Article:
TKD can help improve athletic performance, which is the primary difference between the two and a major reason to attempt it. When you time your carbohydrate consumption with your exercises, your glycogen stores are replenished and your muscles receive energy boosts. [3]  This is essential for endurance-based competitions.

Improved lean muscle mass

Like the SKD, the TKD can aid in the development of lean muscle mass. [4]   This has the added benefit of enhancing your strength and performance while maintaining a rapid metabolism.

Cons of Targeted Ketogenic Diet
Staying in Ketosis 

TKD can be difficult to stay in Ketosis due to the higher carb intake over SKD.  That is why typically it is advised that TKD is used after the body has already become fat adapted and the body is used to shifting in and out of ketosis.  

Scientific Evidence for weight loss of the Ketogenic Diet

The ketogenic diet may aid in weight loss in numerous ways, including increasing metabolism and decreasing appetite.

In a meta-analysis published in 2013,Using 13 independent randomized controlled trials, researchers discovered that persons who followed ketogenic diets lost 2 pounds (lbs) more than those who followed low fat diets over a year.

Similarly, another evaluation of 11 trials found that participants who followed a ketogenic diet lost 5 pounds more than those who followed a low-fat diet after 6 months.

Ketogenic macro breakdown calculations

Caclulate how many grams per day

TKD Macros = [ fats 70% , protein 20%,  carbs 10% ]

For example, a 2000 calorie diet multiplied by 65% is equal to 1300 calories. Divide the 1300 by 9, which is roughly 144.4 grams of fat. That is how much fat you should be eating on the TKD.

Fat Macro Calculation = 2000 calories * 0.70 = 1400 calories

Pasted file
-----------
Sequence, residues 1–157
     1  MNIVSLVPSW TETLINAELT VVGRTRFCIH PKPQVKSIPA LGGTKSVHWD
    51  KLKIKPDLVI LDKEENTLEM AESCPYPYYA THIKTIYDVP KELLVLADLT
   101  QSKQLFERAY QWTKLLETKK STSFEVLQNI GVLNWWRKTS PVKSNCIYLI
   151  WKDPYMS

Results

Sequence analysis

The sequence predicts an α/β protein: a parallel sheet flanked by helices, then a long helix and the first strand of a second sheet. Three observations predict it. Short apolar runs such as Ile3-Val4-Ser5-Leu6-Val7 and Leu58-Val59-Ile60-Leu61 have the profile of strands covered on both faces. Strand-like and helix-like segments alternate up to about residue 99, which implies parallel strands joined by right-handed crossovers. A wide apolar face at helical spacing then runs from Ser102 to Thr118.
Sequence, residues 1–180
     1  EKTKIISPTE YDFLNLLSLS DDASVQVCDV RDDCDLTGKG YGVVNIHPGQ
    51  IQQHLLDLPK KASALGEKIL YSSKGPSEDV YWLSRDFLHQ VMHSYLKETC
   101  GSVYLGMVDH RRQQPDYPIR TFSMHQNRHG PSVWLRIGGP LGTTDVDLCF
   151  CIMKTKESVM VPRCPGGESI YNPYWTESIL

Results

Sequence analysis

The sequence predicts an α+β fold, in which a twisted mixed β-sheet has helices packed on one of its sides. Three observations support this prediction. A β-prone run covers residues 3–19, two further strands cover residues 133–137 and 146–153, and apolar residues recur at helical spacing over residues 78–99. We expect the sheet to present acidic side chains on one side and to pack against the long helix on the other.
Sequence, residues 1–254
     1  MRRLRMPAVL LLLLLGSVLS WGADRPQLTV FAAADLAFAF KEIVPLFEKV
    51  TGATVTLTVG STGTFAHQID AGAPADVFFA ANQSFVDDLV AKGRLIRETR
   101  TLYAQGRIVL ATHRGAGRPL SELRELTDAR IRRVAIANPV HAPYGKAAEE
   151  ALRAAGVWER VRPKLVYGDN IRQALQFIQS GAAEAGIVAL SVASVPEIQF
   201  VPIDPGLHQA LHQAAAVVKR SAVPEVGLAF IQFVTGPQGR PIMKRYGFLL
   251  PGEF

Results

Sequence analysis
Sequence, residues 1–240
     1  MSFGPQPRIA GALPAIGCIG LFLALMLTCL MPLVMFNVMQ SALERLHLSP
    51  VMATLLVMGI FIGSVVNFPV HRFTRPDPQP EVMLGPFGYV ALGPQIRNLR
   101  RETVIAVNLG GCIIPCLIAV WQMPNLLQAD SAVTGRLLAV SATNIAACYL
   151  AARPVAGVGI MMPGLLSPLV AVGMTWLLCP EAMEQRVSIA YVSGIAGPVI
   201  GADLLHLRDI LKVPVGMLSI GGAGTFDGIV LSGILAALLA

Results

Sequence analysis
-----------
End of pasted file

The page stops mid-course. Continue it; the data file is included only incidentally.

= 1400 calories / 9 = 155.5 grams of fat

Protein Macro Calculation = 2000 calories * 0.2 = 400 calories

                                          = 400 calories / 4 = 100 grams of protein

 Carbs Macro Calculation = 2000 calories * 0.10 = 200 calories

                                        = 200 calories / 4 = 50 grams of carbohydrates

The general rule is as follows:

  • 9 calories of fat per 1 gram
  • 4 calories of protein in per 1 gram
  • 4 calories of carbs in per 1 gram

In a 2000 calorie SKD diet the macro breakdown should be:

  • 155.5 grams of fat
  • 100 grams of protein
  • 50 grams of carbs

To hit your macros, you must eat specific foods. Continue reading to find out what foods you should eat and avoid while on the standard ketogenic diet (TKD).

Basal Metabolic Rate (BMR)

BMR Definition : The base number of calories the body burns to  perform basic (basal) life-sustaining function such as breathing, blood circulation and organ function.

BMR Calculation :

  • Male: BMR = 66 + (6.23 x weight in pounds) + (12.7 x height in inches) – (6.8 x age in years)
  • Female: BMR = 655 + (4.35 x weight in pounds) + (4.7 x height in inches) – (4.7 x age in years)
  • Male: BMR = 66.5 + (13.75 x weight in kg) + (5.003 x height in cm) – (6.755 x age in years)
  • Female: BMR = 655.1 + (9.563 x weight in kg) + (1.850 x height in cm) – (4.676 x age in years)